Plainfield High hosts Holocaust Awareness Day

By Denise Coffey - Staff Writer
Plainfield - posted Tue., May. 28, 2013
Henny Simon and Constance Sattler spoke to the students about their very different experiences. Photos by D. Coffey.
Henny Simon and Constance Sattler spoke to the students about their very different experiences. Photos by D. Coffey.

Plainfield High School students had a unique opportunity on May 24 to hear World War II stories from five different perspectives. The speakers included two Jewish women, a Polish woman, an American soldier and the son of two Jewish survivors who met and married in a displaced persons camp after the war. Their stories underscored the ways in which WWII destroyed the fabric of so many lives.

Constance Sattler and her sister escaped to Great Britain. The other two women suffered for years in concentration camps. Norman Berman told the story of how his parents started over again in Connecticut. And Benjamin Cooper talked about his part in the liberation of the Dachau concentration camp as a U.S. serviceman.

Plainfield students Jordan Beauregard, Tanya Webster and Alexandra Thomas organized the event with the help of social studies teacher Lisa Bastien and math teacher Ashley Smith. It was Beauregard who came up with the idea of a Holocaust Awareness Day in 2011 after a school trip to Philadelphia. It was the first time he had heard Holocaust survivors speak about their experiences and it was all he could think about for days after the trip. “I was in awe,” he said. “They all spoke about the need to spread the stories from one generation to another.”

Sattler grew up in Germany, but her Jewish parents did not bring her up in the faith. “I wasn't a Jew in the strict sense,” she said, “but by Hitler's standards I was.” That designation forced the family to change schools. It cost her father his job and Sattler her small circle of friends. She and her sister found themselves in Great Britain through the efforts of the rescue mission known as Kindertransport. The mission operated for nine months prior to the outbreak of WWII. It is credited with saving the lives of 10,000 predominantly Jewish children.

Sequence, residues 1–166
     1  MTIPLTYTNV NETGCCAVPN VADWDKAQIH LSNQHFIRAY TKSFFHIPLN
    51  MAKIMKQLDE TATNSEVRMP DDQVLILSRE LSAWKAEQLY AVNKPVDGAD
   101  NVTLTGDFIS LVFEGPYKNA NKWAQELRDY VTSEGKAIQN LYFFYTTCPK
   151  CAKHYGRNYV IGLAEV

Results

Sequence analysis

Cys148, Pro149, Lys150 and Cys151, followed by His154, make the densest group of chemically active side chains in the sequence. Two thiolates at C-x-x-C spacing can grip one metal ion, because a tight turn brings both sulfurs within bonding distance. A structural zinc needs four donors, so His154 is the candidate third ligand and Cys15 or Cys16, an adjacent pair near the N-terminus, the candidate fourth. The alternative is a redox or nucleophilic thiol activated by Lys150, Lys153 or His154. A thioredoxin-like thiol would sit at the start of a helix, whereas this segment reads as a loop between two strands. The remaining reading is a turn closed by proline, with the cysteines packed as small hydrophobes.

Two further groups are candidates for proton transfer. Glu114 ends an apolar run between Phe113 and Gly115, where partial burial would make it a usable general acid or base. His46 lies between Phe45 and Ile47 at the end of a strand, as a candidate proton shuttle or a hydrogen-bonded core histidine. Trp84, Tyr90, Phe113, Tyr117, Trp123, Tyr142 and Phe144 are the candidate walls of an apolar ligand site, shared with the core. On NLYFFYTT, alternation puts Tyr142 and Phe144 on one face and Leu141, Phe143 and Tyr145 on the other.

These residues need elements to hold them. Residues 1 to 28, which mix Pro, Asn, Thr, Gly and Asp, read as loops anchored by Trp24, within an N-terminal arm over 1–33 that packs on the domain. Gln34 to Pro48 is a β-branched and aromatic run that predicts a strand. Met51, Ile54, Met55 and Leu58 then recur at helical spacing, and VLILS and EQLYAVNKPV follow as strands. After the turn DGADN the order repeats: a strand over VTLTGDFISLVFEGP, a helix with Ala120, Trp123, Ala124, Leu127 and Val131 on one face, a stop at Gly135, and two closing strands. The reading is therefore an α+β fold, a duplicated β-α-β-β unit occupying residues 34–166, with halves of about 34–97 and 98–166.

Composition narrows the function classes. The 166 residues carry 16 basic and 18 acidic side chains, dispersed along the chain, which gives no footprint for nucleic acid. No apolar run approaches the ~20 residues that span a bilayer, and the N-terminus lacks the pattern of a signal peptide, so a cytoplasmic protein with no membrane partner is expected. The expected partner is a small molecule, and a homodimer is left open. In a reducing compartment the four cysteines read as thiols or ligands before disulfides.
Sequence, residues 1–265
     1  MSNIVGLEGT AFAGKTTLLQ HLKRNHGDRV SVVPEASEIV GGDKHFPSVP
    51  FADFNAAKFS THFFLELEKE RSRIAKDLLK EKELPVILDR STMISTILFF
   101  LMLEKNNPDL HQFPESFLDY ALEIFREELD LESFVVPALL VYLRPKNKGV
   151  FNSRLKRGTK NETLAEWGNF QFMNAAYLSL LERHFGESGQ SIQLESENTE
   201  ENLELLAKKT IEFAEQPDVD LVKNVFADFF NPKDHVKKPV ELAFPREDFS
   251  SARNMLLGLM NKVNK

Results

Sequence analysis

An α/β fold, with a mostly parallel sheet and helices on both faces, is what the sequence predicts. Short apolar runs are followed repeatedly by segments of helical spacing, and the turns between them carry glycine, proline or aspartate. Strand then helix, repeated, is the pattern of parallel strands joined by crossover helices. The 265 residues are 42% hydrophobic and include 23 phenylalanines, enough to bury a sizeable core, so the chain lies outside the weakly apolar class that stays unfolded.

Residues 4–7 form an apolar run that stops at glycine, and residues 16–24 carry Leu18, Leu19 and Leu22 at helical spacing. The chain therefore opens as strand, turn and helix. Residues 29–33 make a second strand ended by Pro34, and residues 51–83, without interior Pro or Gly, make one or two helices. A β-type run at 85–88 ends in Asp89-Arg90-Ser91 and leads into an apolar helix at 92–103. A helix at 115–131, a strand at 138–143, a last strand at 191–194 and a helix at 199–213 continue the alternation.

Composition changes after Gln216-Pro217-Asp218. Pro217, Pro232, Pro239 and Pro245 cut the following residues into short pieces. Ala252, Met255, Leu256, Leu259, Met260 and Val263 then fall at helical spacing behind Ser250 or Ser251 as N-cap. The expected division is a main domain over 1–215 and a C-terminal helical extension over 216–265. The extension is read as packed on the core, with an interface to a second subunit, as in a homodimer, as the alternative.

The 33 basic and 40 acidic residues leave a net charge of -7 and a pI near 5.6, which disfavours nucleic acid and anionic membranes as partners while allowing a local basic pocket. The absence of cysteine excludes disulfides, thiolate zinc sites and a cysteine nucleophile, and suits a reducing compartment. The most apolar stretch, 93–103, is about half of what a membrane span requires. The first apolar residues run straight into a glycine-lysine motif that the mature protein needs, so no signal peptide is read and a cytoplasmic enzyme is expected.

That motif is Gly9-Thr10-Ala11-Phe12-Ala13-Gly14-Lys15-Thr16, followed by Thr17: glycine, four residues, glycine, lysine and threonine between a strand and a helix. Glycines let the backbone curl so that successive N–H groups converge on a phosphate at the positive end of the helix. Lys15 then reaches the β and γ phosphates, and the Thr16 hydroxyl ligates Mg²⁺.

Sattler's mother convinced the girls the trip would be a wonderful adventure. “We were so happy just exploring everything,” Sattler said. Many of her memories remain clear and happy about those years. She recounted bluebell woods, a copse of peach trees, white linen and servants. It was only after the war when she was reunited with her parents that she came to appreciate the depth of suffering. “When we saw our parents, they were so small,” she said. “I'm exceedingly grateful,” she said of the English people who took her into their home. “My life has been enriched by them.”

Miss Irene's story couldn't have been more different. She talked about the three years she spent in a child labor camp. Things she witnessed as a child continue to haunt her: a German soldier killing an infant to quiet its cries, the smell of burning flesh as Nazis threw gasoline on a group of Jews and set them ablaze, the screams of concentration camp prisoners as their tormentors pulled gold teeth from their mouths before sending them to the gas chamber.

She moved from one anecdote to another. “I remember,” she'd say and then recount one of a number of memories seared into her mind from that time. She remembered 37 people hiding in a root cellar in her family's home, the curfews imposed, planes flying low across the countryside on bombing missions, bodies thrown into huge burial holes. “We buried animals better than they buried those people,” she told the audience.

She and her family took in a Jewish girl during those years and made her one of their own. That young girl survived, and eventually made her way to the U.S. “Thank God we saved one,” Irene said. “I have four Jewish nephews that I'm so proud of.” She wiped her eyes. Her voice choked. “You don't know how lucky you are to be born in America,” she told the students.


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